Grandpa and Grandma visit Willy today. Grandpa offers Willy his last rites. I don't know what Willy said about his last rites, but I do know he asked Grandpa, "Why Me?" And really, I ask the same thing. A seventy-four-year-old man survives a couple of cardiac arrests, a quadruple bypass, angioplasty, battlefields of WWII without a gun, while a strong, athletic, twenty-two-year-old boy is losing his battle with cancer instead of graduating from Sac. State. Grandfather giving grandson his last rites? Where's the right in that?

Grandpa loves Willy now. Willy may have taught Grandpa how to forgive. Grandpa changed his mind about his grandson when Willy was about three. I guess he decided Willy wasn't such a bastard after all. Saw that Willy is a child of God, too, no matter how he was conceived or perceived.

Here we are, standing by your bed again. Nothing seems to make you feel better anymore. Raise the bed up 1 inch, down 1 inch; up 1/2 an inch, down 1/2 an inch; 1/4, 1/8; 1 millimeter; you still hurt. Cold rag on your forehead, warm rag, no rag. Read aloud. Too loud, too soft, too fast, too slow. More morphine. "Sleep pretty darling, do not cry, and I will sing a lullaby," I hum. "Who's humming? What's that humming? Stop that buzzing sound." Matted nest of hair., sunken eyes in skeleton head, old oriental whiskers on your chin, just a few. You still have hair. You never even got to try chemo. It was all too much, too late, too incredible. Can't even sing you a lullaby. Willy, you sleep. I stand by your bed, monitors bleeping, pumps dripping, oxygen blowing. I want to touch you, but I won't. I know it will just hurt too much. "Willy, Willy," I whisper. "If you die I want you to give me a sign from wherever it is you go. Give me a sign that you're all right. I just want to know you're all right."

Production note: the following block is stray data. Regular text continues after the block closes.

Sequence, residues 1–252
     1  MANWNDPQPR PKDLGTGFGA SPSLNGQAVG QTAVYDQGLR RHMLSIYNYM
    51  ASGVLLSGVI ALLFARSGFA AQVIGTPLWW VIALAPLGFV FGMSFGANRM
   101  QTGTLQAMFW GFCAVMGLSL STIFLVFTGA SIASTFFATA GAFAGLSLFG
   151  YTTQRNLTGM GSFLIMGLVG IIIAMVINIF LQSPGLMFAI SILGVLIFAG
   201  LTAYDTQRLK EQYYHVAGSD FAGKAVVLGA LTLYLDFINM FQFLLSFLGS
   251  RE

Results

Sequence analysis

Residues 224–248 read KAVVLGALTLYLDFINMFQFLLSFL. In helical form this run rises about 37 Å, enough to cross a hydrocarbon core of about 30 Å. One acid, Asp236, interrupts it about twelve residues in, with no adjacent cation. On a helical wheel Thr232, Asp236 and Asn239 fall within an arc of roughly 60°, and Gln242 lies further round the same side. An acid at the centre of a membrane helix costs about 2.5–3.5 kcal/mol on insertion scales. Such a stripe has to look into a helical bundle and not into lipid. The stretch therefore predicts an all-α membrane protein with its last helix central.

"Let's get out of here for awhile. Jimmy's turn for Willy Watch."

It's dark now, a glittering evening gown sky, all dressed up for us to admire. Back at the apartment, climbing out of the car, Danny comes out and says, "Jimmy called and said to bring you back to the hospital."

I don't wonder if Willy is dead. Instead I think, oh great. Now they want to send him home so he can have another heart attack. The first time they sent him home, after his surgery, the doctor said a little walking would be good. He walked himself right into a cardiac arrest with his determination, his desire, his will to get well.